There has been a growing acceptance of the importance of having plural leadership in churches and this can be a big help to encouraging healthy accountable churches. Many churches now emphasise team leadership and Brethren and some Baptist and Presbyterian churches have appointed several elders to lead. However, just appointing a group of leaders does not guarantee that you genuinely have plural leadership and in and of itself will not guarantee protection against abusive relationships and culture.
So, here are some things that are not plural leadership.
- Where one leader appoints a team who work for him so that he is the senior leader. It is very difficult for subordinates to challenge the boss.
- Having one elder (usually the pastor) who is “first among equals” the concept comes from a Latin phrase primus inter pares. The idea is that whilst notionally a team of equals there is in fact one leader who is afforded particular respect and privileges. To give an example, the UK prime minister is officially first among equals meaning he is simply another of Her Majesty’s servants but what that means in practice is that he appoints the other ministers, has an official residence, greater pay packet and special protection. The risk with the idea of first among equals is that it leads to the pastor having control and veto over the agenda.
- At the opposite end of the spectrum, plural leadership does not mean that pastors work for the elders to do their bidding. Whilst individuals can take power and become abusive, it is also possible for leaders to in effect suffer abuse at the hands of a clique who really call the shots.
- A group of mates. Leaders need to build relationships as friends and that gives them permission to disagree strongly. However beware of getting into a situation where the leaders are simply a group of friends or even relations who have grown up together and hung out together. You end up with group think as leaders look like, think like, talk like and act like each other.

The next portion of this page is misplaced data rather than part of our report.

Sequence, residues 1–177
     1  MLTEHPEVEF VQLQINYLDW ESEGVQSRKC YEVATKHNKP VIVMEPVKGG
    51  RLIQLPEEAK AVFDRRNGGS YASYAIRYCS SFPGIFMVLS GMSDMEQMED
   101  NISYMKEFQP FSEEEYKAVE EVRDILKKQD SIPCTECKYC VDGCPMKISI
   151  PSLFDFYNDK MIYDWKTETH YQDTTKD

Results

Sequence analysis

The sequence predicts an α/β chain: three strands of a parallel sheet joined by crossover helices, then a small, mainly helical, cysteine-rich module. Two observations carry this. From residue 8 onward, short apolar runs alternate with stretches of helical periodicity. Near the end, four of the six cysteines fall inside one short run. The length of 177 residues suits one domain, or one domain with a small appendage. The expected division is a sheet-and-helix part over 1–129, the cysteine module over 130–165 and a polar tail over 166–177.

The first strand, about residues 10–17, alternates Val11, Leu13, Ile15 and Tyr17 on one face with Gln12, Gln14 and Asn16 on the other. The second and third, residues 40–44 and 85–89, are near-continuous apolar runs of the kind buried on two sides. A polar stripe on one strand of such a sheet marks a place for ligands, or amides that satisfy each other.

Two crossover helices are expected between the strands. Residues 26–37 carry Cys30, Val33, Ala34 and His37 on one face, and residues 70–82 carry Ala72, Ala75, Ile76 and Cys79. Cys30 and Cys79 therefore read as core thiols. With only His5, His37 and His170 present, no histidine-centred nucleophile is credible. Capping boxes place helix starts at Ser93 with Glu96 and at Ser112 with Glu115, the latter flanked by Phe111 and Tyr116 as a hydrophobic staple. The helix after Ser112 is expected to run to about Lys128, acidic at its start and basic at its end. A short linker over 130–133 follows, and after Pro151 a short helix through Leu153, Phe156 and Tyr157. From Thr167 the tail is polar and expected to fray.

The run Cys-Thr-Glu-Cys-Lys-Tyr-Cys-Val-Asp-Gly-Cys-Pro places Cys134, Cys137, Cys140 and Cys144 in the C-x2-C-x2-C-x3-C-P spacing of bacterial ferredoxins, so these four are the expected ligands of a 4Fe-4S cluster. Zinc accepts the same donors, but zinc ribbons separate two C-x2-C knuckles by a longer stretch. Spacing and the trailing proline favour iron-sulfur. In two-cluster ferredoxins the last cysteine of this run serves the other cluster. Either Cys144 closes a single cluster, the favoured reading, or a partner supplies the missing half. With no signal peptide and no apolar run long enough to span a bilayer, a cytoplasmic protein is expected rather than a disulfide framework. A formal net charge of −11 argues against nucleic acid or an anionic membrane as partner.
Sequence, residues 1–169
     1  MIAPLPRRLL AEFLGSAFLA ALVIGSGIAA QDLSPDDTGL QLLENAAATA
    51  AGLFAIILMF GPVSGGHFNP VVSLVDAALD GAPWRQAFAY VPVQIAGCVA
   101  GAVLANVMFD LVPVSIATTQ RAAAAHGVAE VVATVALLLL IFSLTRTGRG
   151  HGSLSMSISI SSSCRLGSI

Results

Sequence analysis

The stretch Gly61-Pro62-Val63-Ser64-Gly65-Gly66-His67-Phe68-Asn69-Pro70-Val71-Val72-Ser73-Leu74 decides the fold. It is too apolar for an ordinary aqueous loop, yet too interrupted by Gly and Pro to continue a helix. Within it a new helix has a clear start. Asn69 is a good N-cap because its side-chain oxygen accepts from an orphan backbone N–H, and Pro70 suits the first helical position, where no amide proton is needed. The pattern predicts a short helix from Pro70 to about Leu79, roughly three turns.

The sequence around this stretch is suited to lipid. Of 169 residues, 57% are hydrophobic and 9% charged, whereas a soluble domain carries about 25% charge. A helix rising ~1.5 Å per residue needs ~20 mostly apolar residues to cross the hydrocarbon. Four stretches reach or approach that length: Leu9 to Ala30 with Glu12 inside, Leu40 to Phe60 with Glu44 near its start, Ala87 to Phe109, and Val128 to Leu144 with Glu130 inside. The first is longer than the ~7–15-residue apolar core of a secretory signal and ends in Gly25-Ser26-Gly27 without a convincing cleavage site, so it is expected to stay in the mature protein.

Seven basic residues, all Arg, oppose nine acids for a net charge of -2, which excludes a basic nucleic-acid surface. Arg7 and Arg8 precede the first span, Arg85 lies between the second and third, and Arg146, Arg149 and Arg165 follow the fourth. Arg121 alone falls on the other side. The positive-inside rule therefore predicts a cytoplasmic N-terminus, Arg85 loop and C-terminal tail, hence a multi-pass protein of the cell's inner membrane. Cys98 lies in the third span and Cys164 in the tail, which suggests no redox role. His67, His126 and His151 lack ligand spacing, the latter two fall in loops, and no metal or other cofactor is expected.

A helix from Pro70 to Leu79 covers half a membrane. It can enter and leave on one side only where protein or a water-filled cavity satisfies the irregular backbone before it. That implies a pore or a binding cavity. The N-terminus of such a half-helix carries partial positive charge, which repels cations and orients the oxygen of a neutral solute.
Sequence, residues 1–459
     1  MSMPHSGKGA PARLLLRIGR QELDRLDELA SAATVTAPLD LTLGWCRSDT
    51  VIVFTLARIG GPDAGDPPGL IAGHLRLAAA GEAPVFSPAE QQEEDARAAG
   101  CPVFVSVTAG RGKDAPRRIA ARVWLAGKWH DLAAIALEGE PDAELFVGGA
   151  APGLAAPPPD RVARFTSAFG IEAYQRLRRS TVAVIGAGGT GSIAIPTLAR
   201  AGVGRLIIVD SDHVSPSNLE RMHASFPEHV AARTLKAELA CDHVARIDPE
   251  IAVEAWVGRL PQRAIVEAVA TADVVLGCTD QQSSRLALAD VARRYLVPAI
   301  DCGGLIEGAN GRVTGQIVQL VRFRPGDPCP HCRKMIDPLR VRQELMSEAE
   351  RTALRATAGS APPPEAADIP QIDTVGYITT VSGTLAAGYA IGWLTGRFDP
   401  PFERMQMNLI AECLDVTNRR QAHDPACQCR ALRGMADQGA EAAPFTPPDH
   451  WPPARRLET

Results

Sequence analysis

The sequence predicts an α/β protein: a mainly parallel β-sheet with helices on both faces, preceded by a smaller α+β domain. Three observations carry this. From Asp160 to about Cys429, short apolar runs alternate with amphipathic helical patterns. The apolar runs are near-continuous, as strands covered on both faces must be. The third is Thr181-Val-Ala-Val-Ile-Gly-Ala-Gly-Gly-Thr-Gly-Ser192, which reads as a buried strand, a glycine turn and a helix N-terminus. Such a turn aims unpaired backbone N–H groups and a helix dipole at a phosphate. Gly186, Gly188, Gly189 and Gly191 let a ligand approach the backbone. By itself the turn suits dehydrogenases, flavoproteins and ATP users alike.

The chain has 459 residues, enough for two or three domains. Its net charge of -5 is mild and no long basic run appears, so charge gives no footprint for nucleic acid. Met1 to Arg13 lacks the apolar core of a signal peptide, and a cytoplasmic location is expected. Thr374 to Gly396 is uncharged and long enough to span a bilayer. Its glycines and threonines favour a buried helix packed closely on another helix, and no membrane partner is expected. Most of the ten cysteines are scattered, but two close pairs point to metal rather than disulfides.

- A committee. There are a few reasons for this. First of all you end up with committee based decision making by voting. You can also end up with pastoral care by committee. Whilst plurality means there should be lots of checks and balances on relationships and good advice, I still believe there is a good Biblical principal in keeping those involved in the issue to the minimum necessary. Whilst major issues due to complexity, impact or requirement for discipline need all elders involved I suspect many church members would be uncomfortable with the idea that something they shared for prayer and advice might get discussed by a wider group of people.
- A gathering of the tribal leaders. In other words, leaders are not there to represent a constituency in the church. They serve the whole church together. This also means that leadership should not be about competing centres of power. We also should not have a situation where leaders simply seek to follow and protect their own agenda. The aim should be unity of purpose and mind reached through prayerful, biblical deliberation.
- Something to hide behind. A plural leadership will exercise collective responsibility. It will also ensure that a multitude of gifts and perspectives are brought together. However, a leader should fully own the collective decision as their own and not hide behind the group. Further, the collective nature of leadership does not permit me to simply push an extreme position in expectation that the group will moderate the extremes. Nor, should I hide behind plurality as an excuse for not working on aspects of my sanctification.